The post-Ottoman Arab mandates comprised an Anglo-French deal that emerged from the Great War peace settlement, Ottoman armistice, the Sykes-Picot accord of 1916, and Balfour Declaration of 1917. Britain and France agreed to divide the region, mostly under British army occupation, into two zones: Red and Blue. Red became Iraq, Palestine, and soon after, Jordan, Blue was Syria, soon divided into the Syrian Mandate, and Greater Lebanon. The southern boundary was Sinai, the northern the Ottoman rail line and 1918 armistice line. The Great Power dream of 1916-22 was more expansive, but the still mobilized Ottoman army and Anatolian insurgency ended up enforcing the 1918 armistice lines, finally codified at Lausanne in 1923.
From this inauspicious beginning came the modern state system for the principal counties of the Eastern Arab World. Wilsonian rhetoric and the threat of Soviet style revolution prevented ordinary colonial annexation, and dictated some kind of international trusteeship, which evolved fitfully into the League of Nations mandate system between about 1920 and 1922. In organizing their mandates France favored republics, and Britain favored monarchies. The League of Nations permanent mandates commission (PMC) demanded an endless series of reports from the mandatory powers on the progress of their “sacred trust for civilization,” and tutelage mission, as well as martial law structures, phony democratic government, and counter-insurgency operations. The PMC developed a multi-lingual bureaucracy to read, translate, and file, but not act on, a deluge of petitions and protests from the mandate populations. The mandate powers found the petitions a nuisance and ignored and suppressed them when possible.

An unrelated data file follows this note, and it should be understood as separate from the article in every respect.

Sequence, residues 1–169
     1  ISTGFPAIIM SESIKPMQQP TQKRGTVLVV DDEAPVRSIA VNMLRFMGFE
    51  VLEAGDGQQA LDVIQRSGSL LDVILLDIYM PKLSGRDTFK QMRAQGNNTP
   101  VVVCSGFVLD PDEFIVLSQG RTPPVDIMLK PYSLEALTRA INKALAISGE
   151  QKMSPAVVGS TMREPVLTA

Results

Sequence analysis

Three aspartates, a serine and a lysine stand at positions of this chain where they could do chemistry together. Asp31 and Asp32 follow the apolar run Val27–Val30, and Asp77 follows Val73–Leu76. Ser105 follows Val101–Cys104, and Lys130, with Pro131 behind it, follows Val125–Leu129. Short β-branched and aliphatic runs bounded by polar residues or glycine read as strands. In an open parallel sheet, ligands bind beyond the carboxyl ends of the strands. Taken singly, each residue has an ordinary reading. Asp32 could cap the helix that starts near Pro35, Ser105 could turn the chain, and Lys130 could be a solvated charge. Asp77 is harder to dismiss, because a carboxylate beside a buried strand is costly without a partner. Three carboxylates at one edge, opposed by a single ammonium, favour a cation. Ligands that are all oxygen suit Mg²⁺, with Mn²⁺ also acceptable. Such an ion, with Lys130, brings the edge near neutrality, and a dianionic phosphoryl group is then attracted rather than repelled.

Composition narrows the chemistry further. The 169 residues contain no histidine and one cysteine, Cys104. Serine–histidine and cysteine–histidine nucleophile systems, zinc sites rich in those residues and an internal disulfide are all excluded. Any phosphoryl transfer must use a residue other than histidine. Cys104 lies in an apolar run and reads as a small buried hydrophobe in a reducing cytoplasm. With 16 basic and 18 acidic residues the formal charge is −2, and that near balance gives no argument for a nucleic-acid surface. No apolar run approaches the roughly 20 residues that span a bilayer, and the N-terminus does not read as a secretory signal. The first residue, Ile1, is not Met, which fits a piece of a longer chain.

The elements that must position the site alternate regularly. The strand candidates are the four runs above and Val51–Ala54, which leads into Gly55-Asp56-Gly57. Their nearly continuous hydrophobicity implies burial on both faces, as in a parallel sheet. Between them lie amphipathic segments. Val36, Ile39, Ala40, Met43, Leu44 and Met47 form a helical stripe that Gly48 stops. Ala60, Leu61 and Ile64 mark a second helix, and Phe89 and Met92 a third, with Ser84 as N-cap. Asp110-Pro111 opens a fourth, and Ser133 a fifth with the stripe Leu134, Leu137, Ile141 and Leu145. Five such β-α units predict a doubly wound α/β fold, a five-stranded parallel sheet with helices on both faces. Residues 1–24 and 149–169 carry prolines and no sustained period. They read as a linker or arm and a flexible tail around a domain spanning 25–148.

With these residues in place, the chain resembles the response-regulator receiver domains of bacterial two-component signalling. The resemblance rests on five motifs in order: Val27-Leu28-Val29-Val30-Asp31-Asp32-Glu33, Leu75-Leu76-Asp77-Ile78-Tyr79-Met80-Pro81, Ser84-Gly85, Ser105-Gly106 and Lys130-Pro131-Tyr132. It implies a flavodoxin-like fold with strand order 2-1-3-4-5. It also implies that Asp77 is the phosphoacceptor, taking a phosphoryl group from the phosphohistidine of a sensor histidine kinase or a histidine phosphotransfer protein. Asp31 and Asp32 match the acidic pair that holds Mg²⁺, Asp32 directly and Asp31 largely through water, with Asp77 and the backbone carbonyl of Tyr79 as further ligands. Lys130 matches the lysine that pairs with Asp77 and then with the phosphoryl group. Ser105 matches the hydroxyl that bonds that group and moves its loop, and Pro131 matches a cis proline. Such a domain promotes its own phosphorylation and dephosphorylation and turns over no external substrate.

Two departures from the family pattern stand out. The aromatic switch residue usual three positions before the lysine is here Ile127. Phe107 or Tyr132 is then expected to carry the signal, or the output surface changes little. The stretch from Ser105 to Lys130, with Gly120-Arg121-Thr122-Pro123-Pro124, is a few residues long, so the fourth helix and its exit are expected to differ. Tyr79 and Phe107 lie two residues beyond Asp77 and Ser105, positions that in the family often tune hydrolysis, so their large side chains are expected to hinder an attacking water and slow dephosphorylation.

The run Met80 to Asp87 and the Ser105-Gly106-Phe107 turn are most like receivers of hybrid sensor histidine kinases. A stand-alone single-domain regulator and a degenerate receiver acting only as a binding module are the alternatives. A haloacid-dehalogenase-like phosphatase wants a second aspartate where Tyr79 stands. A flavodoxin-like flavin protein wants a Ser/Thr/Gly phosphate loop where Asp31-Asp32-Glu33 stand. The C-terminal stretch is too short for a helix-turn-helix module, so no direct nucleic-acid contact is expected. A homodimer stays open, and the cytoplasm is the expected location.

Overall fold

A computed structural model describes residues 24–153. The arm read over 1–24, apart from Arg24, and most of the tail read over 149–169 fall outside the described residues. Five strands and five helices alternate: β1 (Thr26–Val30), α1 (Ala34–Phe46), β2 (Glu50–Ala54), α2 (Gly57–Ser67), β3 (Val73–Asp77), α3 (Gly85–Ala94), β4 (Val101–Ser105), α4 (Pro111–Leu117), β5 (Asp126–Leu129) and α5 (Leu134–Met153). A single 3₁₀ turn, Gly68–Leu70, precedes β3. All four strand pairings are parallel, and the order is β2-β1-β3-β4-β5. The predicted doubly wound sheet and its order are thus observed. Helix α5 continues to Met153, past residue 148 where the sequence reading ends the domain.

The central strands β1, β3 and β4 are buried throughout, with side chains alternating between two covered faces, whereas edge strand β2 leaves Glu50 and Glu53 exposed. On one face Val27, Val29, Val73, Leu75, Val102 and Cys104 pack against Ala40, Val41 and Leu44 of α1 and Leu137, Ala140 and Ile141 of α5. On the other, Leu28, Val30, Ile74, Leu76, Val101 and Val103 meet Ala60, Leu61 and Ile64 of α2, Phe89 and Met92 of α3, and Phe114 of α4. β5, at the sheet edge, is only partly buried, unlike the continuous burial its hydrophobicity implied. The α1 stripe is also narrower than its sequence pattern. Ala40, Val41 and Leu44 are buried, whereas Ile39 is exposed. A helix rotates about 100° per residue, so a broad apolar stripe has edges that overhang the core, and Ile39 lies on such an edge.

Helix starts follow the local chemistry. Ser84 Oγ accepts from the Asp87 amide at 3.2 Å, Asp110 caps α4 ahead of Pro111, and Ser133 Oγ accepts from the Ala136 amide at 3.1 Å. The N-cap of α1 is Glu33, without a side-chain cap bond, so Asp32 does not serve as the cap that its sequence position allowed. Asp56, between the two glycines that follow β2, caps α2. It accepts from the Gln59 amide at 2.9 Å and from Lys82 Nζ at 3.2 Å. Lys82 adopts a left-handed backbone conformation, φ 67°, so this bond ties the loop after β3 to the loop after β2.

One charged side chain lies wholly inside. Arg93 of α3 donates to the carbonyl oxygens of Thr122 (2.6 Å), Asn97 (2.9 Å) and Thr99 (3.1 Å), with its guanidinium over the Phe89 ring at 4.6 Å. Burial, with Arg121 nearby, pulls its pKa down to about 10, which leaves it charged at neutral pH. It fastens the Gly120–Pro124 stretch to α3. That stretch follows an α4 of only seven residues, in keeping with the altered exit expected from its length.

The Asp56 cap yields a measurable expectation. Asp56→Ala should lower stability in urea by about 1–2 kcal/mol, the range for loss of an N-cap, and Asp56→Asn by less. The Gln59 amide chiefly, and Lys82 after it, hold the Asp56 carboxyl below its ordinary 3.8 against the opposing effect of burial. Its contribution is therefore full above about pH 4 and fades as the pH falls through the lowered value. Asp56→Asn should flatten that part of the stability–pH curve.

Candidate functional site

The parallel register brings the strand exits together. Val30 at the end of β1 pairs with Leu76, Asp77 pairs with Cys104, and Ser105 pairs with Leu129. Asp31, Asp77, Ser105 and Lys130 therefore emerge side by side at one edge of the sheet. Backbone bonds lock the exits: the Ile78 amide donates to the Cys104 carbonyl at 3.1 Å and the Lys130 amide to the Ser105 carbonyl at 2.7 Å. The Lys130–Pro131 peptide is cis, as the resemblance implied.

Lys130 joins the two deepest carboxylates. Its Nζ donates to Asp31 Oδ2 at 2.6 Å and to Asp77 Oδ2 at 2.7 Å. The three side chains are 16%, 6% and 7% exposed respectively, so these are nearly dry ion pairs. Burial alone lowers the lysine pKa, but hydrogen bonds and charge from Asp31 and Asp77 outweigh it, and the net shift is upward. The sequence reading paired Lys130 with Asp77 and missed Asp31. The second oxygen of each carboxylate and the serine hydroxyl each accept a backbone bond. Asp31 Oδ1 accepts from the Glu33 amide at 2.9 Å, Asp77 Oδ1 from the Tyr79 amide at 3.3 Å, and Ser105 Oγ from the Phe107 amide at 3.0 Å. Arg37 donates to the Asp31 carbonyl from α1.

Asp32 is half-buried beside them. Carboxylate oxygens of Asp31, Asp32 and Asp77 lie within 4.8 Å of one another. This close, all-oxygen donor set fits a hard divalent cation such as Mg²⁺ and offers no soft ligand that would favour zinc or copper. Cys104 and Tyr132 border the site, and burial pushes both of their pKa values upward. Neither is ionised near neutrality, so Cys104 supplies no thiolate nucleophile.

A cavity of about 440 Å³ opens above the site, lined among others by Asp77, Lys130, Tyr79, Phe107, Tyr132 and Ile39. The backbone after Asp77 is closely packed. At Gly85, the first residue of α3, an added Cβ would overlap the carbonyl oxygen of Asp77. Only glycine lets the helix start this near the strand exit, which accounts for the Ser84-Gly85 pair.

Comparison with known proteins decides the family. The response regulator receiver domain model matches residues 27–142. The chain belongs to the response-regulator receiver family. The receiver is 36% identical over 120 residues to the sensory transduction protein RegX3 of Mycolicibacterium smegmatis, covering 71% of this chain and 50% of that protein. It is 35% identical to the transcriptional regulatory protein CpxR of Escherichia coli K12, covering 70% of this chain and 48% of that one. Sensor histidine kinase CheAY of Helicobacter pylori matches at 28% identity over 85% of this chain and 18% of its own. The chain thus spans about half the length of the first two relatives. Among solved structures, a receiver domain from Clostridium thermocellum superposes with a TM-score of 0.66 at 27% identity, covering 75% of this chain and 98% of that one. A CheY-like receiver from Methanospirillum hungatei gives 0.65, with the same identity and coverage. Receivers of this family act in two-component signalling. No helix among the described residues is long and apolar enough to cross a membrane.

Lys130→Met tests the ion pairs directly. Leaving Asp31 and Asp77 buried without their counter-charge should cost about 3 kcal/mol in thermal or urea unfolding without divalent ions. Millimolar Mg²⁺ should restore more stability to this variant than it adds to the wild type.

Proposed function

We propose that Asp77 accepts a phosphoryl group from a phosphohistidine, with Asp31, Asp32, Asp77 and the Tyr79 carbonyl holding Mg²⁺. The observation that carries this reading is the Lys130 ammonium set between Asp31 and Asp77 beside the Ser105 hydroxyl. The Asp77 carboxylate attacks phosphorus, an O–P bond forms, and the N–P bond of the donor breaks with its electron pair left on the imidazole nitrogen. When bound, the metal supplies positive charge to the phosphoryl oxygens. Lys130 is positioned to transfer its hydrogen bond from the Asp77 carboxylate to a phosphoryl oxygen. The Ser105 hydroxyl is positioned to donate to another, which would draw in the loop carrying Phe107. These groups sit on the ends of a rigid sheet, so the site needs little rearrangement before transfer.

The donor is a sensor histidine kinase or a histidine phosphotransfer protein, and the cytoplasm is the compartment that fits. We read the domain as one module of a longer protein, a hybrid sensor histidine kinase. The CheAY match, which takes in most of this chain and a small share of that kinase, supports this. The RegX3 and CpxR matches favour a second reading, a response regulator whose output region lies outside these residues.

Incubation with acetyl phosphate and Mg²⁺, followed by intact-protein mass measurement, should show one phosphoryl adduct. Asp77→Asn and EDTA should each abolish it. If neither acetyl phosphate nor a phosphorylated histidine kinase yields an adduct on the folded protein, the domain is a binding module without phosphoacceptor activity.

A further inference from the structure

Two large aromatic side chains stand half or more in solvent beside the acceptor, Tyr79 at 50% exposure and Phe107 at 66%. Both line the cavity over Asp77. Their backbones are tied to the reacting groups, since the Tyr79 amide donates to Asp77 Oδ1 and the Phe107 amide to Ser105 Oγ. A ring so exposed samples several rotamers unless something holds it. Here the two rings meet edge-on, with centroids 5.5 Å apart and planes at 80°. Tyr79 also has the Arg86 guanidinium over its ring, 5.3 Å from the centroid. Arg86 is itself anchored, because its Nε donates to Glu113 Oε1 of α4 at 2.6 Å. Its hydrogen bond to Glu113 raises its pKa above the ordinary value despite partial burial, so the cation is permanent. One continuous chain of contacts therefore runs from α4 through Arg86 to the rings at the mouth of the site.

Armed opposition emerged immediately, and lasted throughout the period until independence in the late 40s. Nationalism became the language of opposition, and the original conceit of the League of Nations, and the Peace Conference itself, dictated that only self-defined, and acknowledged “nations” possessed or could claim the right of representation before the emerging international system.
Mandate Chroniclers and Critics
Antonius, George. The Arab Awakening. London: Hamish Hamilton, 1938.
This was the first book written to make an international claim for the Arab nation in the new, post-war order. The narrative Antonius assembled has remained influential till today. Constantine Zureik and Edmund Rabath wrote important books on Arabism and the mandates in Arabic and French during the late 30s also.
A host of mandate functionaries and apologists wrote books describing their work and the world they helped bring into existence. Foremost is Robert de Caix, on Syria and Lebanon and the historic role of France, Stephen Longrigg on Iraq and Syria, and Norman Bentwich on Palestine, among many others mostly forgotten today.
First Generation Historians
Albert Hourani turned his attention to the mandate in his first book, Hourani, Albert. Syria and Lebanon: A Political Essay: New York: Oxford University Press, 1946. In the following decades his students wrote the first critical historical studies about the mandate, superseding the earlier treatments written by colonial functionaries.
Beginning in the 1960s Walid Khalidi published a series of articles and books that remain classics of the history of the Palestine mandate, including Khalidi, Walid. From Haven to Conquest: Readings in Zionism and the Palestine Problem Until 1948. Washington DC: Institute for Palestine Studies, 1984, which introduced and collected a large selection of source material on British imperialism, Zionism, and the mandate. Other AUB trained scholars like Majid Khadduri and Abdul-Latif Tibawi contributed important early histories that feature intimate first-hand knowledge of the mandates and remain useful.